Medicaid Contributes To Medical Bankruptcy

The Wall Street Journal ran a disturbing story about the increasing number of people unable to pay medical bills. Some are even having to sell homes in a bad market to raise cash. Of course, the health care and political elites always interpret such harrowing tales as signals to increase government control over health care.

But a discerning reader can see that government has contributed to the problems these people suffer. Let’s look first at Bowen Richards, a 52-year old, self-employed electrician in Florida who lost his health insurance when he divorced. He had been insured through his wife’s employer-based health plan. Because of diabetes, he was unable to buy individual health insurance after the divorce.

Once again, we see the “benefit” of employer-based health care turn into a liability pretty quickly. I don’t hold the government responsible for his divorce, but if the government had allowed his wife’s employer to give pre-tax dollars to the family to buy their own health insurance, with guaranteed renewable premiums, he would have had a better chance of continuing his coverage without underwriting. (See my analysis of Senator McCain’s presidential campaign proposal for a lengthier explanation of the benefits of this critical tax reform.)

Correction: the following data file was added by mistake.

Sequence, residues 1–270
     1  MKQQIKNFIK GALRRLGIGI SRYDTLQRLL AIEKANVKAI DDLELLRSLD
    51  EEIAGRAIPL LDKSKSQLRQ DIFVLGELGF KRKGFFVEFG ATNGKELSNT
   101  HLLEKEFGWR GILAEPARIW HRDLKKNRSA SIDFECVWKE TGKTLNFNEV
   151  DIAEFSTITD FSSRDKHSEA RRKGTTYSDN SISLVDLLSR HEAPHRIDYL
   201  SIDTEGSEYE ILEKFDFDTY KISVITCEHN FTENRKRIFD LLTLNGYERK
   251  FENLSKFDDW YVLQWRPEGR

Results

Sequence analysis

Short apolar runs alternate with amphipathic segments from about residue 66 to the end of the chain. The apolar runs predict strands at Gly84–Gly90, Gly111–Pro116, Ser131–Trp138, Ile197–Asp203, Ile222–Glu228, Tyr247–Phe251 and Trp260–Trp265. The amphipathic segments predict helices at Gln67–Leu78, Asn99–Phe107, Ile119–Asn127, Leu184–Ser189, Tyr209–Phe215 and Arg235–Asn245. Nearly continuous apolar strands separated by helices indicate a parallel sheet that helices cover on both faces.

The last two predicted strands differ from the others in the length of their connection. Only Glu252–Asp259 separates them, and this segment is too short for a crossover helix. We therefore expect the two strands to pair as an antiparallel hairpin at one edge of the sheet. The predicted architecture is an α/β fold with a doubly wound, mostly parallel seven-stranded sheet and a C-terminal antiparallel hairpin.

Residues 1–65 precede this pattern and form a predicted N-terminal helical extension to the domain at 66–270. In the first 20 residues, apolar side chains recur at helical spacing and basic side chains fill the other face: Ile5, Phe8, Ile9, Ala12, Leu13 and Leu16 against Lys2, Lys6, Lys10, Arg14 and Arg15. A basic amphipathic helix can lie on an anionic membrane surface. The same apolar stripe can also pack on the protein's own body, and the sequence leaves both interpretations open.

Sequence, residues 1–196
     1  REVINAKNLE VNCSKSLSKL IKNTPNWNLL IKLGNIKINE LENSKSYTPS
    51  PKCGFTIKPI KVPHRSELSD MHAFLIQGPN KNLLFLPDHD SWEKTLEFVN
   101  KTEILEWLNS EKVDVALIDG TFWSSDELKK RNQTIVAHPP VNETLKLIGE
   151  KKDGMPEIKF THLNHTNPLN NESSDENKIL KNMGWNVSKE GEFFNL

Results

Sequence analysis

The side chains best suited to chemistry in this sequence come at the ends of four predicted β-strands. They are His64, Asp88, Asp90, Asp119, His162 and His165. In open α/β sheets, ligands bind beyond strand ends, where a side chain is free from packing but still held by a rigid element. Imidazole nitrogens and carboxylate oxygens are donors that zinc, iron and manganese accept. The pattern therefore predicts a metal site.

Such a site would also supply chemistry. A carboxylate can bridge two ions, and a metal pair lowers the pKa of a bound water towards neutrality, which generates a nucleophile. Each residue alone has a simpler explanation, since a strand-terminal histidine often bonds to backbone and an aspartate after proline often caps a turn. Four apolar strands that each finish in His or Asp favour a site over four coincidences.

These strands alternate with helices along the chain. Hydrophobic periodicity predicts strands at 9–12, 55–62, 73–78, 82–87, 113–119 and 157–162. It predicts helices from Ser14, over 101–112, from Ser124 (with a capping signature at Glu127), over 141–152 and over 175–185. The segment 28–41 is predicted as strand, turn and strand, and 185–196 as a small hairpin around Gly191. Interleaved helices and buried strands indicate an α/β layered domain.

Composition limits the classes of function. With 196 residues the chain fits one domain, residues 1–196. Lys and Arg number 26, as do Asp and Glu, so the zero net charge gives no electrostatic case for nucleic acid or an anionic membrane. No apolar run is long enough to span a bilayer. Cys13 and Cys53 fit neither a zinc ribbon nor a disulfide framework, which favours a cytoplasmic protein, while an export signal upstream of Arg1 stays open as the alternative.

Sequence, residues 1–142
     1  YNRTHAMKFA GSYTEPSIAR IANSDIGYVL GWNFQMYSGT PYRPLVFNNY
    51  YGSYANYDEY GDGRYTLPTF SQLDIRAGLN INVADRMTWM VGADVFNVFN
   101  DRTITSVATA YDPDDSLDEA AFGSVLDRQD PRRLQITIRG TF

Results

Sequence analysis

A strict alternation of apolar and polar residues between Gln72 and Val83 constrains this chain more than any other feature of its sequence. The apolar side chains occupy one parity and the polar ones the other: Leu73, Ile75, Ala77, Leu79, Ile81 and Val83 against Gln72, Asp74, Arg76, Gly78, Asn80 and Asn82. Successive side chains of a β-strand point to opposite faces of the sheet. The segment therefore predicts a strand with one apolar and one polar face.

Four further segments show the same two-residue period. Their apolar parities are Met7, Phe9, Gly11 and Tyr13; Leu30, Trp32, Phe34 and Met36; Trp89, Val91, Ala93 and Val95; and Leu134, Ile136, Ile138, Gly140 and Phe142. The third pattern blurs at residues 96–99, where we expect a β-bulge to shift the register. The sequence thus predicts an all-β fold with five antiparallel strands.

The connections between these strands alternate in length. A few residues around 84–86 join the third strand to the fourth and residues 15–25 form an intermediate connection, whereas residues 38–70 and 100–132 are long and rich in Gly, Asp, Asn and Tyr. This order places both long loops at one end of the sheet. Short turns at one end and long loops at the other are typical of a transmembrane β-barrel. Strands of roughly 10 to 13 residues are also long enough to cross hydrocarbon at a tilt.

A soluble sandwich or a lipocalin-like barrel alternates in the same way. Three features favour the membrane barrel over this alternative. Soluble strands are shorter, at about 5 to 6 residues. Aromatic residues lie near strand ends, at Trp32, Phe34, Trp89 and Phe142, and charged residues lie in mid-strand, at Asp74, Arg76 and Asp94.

For those who think that Medicaid is an important thread in the fabric of our social safety net: Think again! It’s not only a rip-off for taxpayers and providers (such as doctors and hospitals); but it also helps drive patients into bankruptcy!

Take Susan Harris, 46, uninsured and diagnosed with cancer, who spent down her 401(k) in order to get poor enough to qualify for Medicaid! “Medical bankruptcy” is not as big a part of our health care crisis as advertised. It’s tangled up with Americans’ general debt overload. But taxing people to fund an out-of-control program that can’t even do anyone any good until they’ve spent all their savings creates a cruel “poverty trap”.

Once again, a refundable tax credit that allows people to keep the private coverage of their choice is a far better solution.

Nothing contained in this blog is to be construed as necessarily reflecting the views of the Pacific Research Institute or as an attempt to thwart or aid the passage of any legislation.

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